There are even opposition clans. For example, there is the Konstantin Malofeev clan, which has brought together all kinds of "retired" (and not just "retired") people from the security services, Orthodox priests and the retrograde orthodox media. "The "peak of the career" of this kind of "toxic tea" of "toads and vipers" was the organization of an "insurgent army" in Donbas, where such "revolutionary figures" as Marshall Capital consultants Igor Girkin and Alexander Borodai went "to fight" in the guise of " little green men". Vladimir Putin and Sergei Shoigu personally dealt with the consequences of such "amateur hour" after the "rebels" fled under the pressure of no less "badass", but much better armed and outnumbered "Ukronazis". Now Girkin and Boroday are laying low, while the "Russian peace" in Donbas is being built by the neutral Vladislav Surkov, who used to be one of the "towers" of the Kremlin, but fell victim to liberal intrigues. Well, Konstantin Malofeev joined A Just Russia — Patriots — For Truth party, securing himself a certain "political asset" ahead of the well-known events and is preparing not a few more surprises. However, it is not certain that next time Her Majesty's High Court of Justice in England will save him from punishment for another political or economic "amateur hour", as it already happened in 2014 in the situation with loans from VTB Bank (One of the board members of this bank is Denis Bortnikov, that makes it clear what clan this structure is affiliated to).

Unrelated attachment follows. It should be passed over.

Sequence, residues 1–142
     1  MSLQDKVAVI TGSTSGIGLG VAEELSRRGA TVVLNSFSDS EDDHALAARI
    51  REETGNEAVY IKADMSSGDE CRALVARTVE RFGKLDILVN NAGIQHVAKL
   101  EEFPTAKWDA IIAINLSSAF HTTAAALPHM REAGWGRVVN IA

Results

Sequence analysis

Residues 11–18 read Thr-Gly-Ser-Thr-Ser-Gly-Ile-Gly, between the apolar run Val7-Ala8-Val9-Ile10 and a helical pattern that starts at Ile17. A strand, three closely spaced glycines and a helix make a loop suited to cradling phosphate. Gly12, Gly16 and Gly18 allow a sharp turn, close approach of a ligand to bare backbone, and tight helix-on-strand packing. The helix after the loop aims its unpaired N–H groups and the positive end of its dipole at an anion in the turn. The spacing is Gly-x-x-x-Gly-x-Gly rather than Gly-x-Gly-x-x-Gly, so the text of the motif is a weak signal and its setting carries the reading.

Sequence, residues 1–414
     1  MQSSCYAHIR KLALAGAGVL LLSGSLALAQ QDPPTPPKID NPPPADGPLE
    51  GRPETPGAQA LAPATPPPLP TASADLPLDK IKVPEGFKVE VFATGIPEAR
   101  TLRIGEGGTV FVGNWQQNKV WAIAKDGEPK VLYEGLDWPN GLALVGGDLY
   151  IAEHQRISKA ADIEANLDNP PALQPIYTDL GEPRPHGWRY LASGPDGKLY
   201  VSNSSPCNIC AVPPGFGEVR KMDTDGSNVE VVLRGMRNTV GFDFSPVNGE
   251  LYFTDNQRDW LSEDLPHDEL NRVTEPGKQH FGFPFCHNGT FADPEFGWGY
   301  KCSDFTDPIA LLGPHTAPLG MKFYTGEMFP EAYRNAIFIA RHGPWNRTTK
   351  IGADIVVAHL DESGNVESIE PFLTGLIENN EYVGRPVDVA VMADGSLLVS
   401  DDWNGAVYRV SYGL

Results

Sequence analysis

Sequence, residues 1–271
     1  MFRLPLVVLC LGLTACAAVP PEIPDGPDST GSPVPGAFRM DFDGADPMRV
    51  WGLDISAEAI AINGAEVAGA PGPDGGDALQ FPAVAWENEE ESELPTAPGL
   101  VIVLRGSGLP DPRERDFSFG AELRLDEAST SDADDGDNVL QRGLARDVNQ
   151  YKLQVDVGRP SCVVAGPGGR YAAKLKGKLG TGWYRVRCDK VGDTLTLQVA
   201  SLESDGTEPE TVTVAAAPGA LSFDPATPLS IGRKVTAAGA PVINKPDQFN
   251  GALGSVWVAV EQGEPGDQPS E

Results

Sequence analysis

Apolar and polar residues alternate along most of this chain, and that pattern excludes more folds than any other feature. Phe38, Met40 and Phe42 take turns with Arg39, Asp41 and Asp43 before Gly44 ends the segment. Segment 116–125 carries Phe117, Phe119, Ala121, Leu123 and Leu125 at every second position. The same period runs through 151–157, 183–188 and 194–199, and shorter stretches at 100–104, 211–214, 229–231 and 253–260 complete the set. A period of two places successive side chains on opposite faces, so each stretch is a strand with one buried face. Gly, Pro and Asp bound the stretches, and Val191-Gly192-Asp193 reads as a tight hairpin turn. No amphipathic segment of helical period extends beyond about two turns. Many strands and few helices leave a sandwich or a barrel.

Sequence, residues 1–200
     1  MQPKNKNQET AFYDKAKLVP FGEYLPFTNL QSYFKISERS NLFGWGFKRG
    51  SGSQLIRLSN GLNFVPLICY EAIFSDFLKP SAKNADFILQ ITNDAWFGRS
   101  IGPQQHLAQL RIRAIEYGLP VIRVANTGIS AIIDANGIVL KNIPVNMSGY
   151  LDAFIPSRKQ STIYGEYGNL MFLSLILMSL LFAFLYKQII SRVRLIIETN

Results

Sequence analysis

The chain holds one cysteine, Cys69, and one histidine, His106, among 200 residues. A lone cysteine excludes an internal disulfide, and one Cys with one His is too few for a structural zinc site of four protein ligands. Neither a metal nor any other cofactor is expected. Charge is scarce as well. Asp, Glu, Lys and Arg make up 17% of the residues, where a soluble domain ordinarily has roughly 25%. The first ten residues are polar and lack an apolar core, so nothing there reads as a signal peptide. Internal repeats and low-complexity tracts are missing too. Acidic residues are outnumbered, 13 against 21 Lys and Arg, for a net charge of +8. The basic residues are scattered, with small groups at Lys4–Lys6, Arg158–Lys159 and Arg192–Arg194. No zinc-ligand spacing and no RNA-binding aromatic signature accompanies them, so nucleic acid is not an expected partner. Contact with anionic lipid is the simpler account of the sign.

Another opposition clan is that of Internet blogger Alexei Navalny. Even "the one-eyed" Navalny has managed to become a "king" and a "star of hipster protests" in Russia, "the country of the blind". However, according to malicious talk, this did not happen without the participation of Russia's FSB and that Alexei Navalny's activities are nothing more than "an opportunity to let the whistle take all the steam there is". Well, and to show from time to time, using the example of Navalny, the place of those who sometimes forget the most important Russian political axiom: "Who is the boss of the house".
Dmitrii Ershov, political scientist.